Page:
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Lard. It's all you need. There is usually a tub of it in the same part of the store as Crisco (vegetable shortening).


My first guess would be: more salt than you think. This is probably the main "secret" for most processed foods. Ortega Traditional Refried Beans have 560 mg of sodium per serving (that's a serving of 131 g, making 3.5 servings in a standard can). A 1/4 tsp of table salt has 590 mg. If you're making the equivalent of 1 can of beans, you would have to put ...


Lard is the fat of choice in many "el cheapo" canned refried beans, and could be what you are missing.


You might be missing epazote. IMHO an absolute must in any Mexican bean dishes. Do not overdo it though.


You're missing fat in the equation. The previous member suggests bacon but I don't know how you feel about the smoke flavor but fat will do you good.


Try mashing the beans with butter and bacon drippings along with just a enough cumin so you can "tell" it's different but you can't taste the cumin.


In some recipes (eg chinese kung bao, some thai and south indian soups), you score the peppers or cut them into coarse pieces, so cooking oil or a broth with some fat or alcohol content can enter and exit the inside while the peppers are sauteed/stir fired with the rest of the food. This tends to dissolve a lot of heat into the liquids without too strong a ...


Salt adds flavor and causes chemical changes in food. The sooner you add salt more time salt has to penetrate the food and the longer the chemical changes have to work. Whether that's desirable or not depends on the effect you want. Here are a few examples: When boiling potatoes if you add salt at the beginning of cooking the salt flavor will get through ...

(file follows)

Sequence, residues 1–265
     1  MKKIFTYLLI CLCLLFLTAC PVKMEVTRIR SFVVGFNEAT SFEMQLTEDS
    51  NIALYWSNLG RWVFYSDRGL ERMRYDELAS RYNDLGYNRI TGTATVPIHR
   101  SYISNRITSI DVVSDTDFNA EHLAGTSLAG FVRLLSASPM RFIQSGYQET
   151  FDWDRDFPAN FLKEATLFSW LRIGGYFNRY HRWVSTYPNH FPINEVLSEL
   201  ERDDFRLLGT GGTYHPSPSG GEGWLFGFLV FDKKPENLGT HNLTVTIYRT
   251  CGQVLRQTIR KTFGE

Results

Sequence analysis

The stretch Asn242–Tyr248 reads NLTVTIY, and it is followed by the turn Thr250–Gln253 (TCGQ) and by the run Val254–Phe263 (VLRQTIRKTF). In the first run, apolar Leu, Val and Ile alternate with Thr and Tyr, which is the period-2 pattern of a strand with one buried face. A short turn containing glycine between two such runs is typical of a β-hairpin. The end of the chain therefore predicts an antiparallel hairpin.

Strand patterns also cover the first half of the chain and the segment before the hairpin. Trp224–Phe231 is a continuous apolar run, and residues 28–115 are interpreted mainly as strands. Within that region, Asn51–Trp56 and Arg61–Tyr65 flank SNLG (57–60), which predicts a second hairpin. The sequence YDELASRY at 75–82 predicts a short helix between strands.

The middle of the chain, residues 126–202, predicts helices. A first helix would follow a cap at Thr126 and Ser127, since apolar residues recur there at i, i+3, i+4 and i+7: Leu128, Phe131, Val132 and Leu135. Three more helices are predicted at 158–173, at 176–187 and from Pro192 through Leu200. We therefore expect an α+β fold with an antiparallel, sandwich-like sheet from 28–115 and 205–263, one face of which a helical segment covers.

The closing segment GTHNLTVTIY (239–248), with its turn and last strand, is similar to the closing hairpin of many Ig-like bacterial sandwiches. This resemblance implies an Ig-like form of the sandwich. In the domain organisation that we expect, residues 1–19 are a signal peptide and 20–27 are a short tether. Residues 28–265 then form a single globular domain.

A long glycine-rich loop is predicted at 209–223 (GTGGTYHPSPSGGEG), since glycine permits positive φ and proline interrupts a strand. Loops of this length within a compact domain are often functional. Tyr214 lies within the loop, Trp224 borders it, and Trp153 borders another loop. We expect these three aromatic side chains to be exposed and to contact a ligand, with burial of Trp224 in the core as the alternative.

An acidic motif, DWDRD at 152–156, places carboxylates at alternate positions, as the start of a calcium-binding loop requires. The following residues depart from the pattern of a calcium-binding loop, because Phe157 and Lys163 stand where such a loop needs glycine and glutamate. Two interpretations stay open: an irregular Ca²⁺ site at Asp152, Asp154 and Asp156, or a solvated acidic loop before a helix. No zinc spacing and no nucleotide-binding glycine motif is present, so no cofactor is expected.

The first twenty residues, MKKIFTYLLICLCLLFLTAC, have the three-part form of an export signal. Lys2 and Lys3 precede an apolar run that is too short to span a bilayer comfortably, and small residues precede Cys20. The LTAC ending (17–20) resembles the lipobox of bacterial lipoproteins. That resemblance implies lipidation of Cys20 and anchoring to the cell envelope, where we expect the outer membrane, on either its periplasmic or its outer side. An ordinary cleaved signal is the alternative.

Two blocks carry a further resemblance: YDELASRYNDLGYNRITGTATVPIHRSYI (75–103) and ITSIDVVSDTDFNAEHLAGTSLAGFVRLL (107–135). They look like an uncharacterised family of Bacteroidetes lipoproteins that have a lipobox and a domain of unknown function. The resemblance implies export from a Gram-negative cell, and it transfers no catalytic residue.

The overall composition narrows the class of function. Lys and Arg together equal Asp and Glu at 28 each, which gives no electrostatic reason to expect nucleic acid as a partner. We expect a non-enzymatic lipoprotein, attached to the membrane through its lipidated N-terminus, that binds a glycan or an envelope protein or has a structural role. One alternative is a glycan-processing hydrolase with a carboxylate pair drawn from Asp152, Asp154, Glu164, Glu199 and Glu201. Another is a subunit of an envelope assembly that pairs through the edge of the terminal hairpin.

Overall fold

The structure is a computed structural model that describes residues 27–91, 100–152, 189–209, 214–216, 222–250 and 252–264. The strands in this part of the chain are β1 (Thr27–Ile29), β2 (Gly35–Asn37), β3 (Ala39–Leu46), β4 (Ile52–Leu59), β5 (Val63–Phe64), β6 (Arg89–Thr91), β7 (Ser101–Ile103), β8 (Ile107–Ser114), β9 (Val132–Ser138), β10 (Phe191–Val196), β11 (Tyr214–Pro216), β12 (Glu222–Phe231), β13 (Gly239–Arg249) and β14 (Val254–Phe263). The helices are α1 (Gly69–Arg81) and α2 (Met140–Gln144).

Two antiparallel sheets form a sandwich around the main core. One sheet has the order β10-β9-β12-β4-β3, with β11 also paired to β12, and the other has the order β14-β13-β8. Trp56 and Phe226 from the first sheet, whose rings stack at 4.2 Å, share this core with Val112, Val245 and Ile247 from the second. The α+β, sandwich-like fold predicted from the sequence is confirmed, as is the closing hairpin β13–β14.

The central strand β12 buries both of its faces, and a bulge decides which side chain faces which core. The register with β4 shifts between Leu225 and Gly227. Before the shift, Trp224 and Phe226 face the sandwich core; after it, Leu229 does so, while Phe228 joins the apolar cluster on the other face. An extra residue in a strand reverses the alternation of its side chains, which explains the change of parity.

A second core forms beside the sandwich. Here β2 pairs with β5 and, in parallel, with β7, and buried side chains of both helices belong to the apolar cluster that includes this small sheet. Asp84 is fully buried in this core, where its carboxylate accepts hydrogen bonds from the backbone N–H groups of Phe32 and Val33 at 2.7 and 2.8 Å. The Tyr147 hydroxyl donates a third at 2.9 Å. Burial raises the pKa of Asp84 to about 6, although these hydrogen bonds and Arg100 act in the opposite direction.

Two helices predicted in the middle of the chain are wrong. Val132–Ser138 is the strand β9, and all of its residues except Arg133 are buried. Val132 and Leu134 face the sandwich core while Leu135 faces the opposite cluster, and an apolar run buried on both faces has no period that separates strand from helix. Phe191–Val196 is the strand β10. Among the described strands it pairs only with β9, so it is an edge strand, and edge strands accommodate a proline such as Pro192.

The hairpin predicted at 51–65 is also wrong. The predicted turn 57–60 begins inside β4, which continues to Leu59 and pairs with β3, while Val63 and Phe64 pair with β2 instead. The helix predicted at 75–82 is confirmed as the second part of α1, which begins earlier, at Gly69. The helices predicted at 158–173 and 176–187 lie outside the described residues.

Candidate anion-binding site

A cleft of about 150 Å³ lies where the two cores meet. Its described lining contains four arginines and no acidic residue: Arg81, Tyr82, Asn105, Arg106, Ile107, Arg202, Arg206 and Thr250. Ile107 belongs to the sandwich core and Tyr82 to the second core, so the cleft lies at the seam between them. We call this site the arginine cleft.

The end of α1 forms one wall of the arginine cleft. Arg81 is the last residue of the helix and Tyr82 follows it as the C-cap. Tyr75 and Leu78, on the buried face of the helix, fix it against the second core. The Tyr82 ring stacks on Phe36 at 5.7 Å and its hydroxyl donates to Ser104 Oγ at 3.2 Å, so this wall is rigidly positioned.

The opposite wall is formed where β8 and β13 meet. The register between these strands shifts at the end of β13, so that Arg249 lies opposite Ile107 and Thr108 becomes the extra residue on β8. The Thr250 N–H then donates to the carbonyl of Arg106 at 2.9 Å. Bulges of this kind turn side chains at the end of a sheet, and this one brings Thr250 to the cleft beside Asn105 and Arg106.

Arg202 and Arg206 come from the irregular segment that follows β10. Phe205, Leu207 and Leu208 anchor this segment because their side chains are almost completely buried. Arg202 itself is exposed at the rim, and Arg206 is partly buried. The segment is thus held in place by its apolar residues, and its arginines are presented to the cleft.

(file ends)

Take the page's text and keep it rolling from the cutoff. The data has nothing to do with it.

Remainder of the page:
Salt is sometimes used to modify how moisture is drawn from aromatics while they are being sauteed, taking advantage of the fact that salt "wants" to be dissolved in water but is insoluble in oil, eg adding salt upfront to get onions to brown more quickly.


Salt is very soluble in water, and during the cooking process will tend to diffuse within the liquids of the food and permeate inside. Having a salty flavor throughout the food I find tends to help curb salt usage. A good example is pasta, where if you add salt you can achieve a salty taste for the pasta and largely decrease salt you add at the table. My ...

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